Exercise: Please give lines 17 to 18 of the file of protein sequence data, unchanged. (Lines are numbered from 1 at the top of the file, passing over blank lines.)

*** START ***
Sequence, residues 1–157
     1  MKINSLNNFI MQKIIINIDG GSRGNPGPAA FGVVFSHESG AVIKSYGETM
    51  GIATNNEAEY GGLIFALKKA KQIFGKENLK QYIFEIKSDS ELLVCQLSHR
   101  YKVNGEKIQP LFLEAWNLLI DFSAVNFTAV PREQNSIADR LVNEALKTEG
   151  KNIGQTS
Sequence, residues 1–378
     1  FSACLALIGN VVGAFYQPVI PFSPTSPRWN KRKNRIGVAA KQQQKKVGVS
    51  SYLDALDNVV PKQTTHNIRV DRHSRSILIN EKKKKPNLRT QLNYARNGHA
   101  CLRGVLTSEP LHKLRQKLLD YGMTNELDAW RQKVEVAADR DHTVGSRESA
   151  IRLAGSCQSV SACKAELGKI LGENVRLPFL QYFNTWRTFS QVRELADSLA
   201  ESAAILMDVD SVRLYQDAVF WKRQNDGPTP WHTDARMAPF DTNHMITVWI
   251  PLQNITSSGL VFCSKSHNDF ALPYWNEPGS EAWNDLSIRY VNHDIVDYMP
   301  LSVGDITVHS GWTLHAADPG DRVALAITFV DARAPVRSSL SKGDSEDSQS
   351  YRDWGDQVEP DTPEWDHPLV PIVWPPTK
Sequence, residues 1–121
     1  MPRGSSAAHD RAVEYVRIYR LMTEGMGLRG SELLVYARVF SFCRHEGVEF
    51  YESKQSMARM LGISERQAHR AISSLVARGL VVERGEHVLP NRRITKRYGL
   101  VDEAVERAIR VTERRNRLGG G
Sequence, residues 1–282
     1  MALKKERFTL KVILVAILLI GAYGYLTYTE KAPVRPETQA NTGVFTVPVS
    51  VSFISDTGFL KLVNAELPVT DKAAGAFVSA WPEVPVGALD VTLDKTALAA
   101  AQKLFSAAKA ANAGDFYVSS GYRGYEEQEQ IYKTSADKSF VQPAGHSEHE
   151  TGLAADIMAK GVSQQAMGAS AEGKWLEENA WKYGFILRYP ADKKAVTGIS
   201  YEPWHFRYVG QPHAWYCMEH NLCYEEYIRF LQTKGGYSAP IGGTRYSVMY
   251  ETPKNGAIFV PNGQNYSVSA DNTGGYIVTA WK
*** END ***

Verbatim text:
    51  YESKQSMARM LGISERQAHR AISSLVARGL VVERGEHVLP NRRITKRYGL
   101  VDEAVERAIR VTERRNRLGG G